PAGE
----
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Armors and Dolls at the Ricardo Brennand Institute, Brazil

01 Apr

Weekends are always reserved for quality time with the family (obviously, after we’re done with the necessary grocery shopping!). Why not offer our children the opportunity to truly experience culture, learn about the Colonial Brazil, the first settlers, and yet, have a great deal of fun? And that’s exactly what our family did! This post showcases one of themes from our visit to the Institute & Brennand Castle, focusing on two very distinct collections/areas: the dolls and the armors, longtime cared and collected by Mr Ricardo Brennand. A follow up about the gardens and overall view of the Institute, a product of the visionary Mr Brennand will be coming soon…

Ricardo Brennand Institute is a cultural institution that holds a museum, an art gallery, a library, a cafe, as well as, a large park. The collector Ricardo Brennand is its creator and owner.

During our visit, we were able to appreciate objects of art from many different locations and times, from Middle Ages Europe to the 15th century, through Colonial Portuguese & Spanish Brazil, Dutch Brazil, 17th century, and Brazil in the 19th century. For 50 years Brennand acquired those objects. The Institute owns Brazilian e foreign paint colections, like the largest Frans Post colections outside the Netherlands, one of the biggest armory in the planet, sculptures from all over the world, carpets and many others objects of art – these last ones will be subject of another post!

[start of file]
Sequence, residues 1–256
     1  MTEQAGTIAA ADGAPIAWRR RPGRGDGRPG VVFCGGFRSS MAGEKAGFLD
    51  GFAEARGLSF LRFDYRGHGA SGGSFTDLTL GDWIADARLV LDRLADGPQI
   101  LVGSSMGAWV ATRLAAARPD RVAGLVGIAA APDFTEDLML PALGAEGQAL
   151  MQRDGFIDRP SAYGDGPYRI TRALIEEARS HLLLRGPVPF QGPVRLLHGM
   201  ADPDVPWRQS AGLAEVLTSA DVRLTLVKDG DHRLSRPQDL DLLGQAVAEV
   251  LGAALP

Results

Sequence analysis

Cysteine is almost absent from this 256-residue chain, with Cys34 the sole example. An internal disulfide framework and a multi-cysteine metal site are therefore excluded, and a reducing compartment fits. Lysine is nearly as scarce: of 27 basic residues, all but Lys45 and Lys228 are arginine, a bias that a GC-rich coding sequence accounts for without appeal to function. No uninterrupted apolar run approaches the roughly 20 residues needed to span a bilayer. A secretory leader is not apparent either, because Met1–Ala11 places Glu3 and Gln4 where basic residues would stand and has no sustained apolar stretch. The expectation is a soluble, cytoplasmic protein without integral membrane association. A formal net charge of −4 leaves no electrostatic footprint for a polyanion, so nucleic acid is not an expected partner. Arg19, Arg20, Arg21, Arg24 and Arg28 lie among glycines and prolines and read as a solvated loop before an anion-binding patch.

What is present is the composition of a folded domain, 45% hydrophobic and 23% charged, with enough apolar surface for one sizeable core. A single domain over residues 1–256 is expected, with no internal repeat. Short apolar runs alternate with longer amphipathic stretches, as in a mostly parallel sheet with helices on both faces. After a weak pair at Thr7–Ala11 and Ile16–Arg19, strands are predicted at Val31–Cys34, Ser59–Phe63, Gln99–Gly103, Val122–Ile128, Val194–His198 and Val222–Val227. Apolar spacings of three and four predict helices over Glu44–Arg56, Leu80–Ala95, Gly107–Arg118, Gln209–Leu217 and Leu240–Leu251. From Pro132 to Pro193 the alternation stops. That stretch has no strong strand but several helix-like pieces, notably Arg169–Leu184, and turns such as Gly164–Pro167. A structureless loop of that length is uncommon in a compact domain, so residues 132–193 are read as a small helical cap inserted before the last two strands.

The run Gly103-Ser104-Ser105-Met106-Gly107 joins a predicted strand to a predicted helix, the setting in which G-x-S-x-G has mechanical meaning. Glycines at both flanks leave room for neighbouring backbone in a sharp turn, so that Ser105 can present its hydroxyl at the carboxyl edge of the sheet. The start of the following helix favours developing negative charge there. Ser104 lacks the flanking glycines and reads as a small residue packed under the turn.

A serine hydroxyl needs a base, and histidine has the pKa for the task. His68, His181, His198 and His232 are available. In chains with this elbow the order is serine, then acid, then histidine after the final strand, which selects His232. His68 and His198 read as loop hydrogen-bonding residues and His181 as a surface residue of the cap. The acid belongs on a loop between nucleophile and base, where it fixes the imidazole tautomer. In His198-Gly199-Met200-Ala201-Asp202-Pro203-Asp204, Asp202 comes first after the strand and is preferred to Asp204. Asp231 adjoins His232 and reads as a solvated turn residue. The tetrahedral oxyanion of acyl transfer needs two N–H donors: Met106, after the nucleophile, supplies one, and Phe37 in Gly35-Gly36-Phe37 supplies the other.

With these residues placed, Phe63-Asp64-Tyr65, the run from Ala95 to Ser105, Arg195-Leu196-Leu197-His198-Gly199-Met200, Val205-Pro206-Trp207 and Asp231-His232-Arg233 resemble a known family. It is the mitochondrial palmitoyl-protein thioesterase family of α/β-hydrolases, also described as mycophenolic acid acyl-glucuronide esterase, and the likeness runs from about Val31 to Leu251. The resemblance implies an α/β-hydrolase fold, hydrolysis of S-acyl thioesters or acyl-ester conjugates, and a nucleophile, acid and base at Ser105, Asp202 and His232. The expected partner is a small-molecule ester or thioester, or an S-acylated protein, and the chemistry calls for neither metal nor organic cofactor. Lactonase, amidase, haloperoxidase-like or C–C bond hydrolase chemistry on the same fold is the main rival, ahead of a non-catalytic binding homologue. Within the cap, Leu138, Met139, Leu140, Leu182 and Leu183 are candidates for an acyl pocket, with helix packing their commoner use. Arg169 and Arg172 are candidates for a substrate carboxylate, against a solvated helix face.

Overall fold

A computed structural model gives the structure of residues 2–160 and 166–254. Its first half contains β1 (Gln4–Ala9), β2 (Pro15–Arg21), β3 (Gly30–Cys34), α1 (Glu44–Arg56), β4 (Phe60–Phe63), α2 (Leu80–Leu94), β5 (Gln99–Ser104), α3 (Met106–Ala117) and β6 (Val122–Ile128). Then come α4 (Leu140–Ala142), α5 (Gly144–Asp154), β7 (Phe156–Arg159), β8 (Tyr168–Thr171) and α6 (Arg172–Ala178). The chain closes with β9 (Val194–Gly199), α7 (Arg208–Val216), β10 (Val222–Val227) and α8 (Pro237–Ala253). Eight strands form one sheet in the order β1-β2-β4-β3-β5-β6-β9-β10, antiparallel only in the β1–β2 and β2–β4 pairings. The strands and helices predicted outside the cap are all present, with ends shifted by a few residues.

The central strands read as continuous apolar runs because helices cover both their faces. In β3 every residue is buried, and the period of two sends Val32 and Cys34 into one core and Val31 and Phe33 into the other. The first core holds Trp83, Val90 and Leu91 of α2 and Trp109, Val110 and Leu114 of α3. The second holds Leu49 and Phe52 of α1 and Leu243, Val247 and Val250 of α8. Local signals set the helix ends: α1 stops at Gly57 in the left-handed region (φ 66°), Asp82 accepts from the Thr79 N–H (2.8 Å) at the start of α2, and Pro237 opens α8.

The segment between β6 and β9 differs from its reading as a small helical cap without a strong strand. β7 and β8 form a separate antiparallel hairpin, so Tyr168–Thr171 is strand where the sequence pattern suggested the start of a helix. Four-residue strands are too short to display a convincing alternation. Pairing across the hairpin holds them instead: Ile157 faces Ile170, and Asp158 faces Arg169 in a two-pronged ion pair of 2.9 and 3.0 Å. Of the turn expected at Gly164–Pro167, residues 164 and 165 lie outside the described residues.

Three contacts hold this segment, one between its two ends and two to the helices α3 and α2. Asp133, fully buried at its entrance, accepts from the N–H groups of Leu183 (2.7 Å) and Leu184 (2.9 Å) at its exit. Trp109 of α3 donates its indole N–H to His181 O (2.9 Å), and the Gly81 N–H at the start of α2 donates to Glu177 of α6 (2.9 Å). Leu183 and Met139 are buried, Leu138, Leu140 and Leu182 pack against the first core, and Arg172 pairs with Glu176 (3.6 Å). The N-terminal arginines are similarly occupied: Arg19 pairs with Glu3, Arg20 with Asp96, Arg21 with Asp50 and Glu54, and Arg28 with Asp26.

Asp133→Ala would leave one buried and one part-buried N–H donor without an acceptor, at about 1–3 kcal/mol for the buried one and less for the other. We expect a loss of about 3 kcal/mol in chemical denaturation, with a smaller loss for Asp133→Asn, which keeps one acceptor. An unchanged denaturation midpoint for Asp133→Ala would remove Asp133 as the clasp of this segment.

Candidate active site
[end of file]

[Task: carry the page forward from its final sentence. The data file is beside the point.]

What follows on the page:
The Entrance to the Complex: Institute & Castle

The doors leading to the Castle

Porcelain Dolls quietly observe the visitors...

“Peeking” into the Wax Museum: live-size people re-enact a socio-political meeting

The creators saluting the visitors:

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4 Comments

Posted by on April 1, 2012 in ART, BRASIL, photography

 

Tags: , , , ,

4 responses to “Armors and Dolls at the Ricardo Brennand Institute, Brazil

  1. pattisj

    April 2, 2012 at 5:17 pm

    I loved seeing this. Thanks for sharing!

    Like

     
    • 3rdCultureChildren

      April 2, 2012 at 5:28 pm

      Thank you, Patti!

      Like

       

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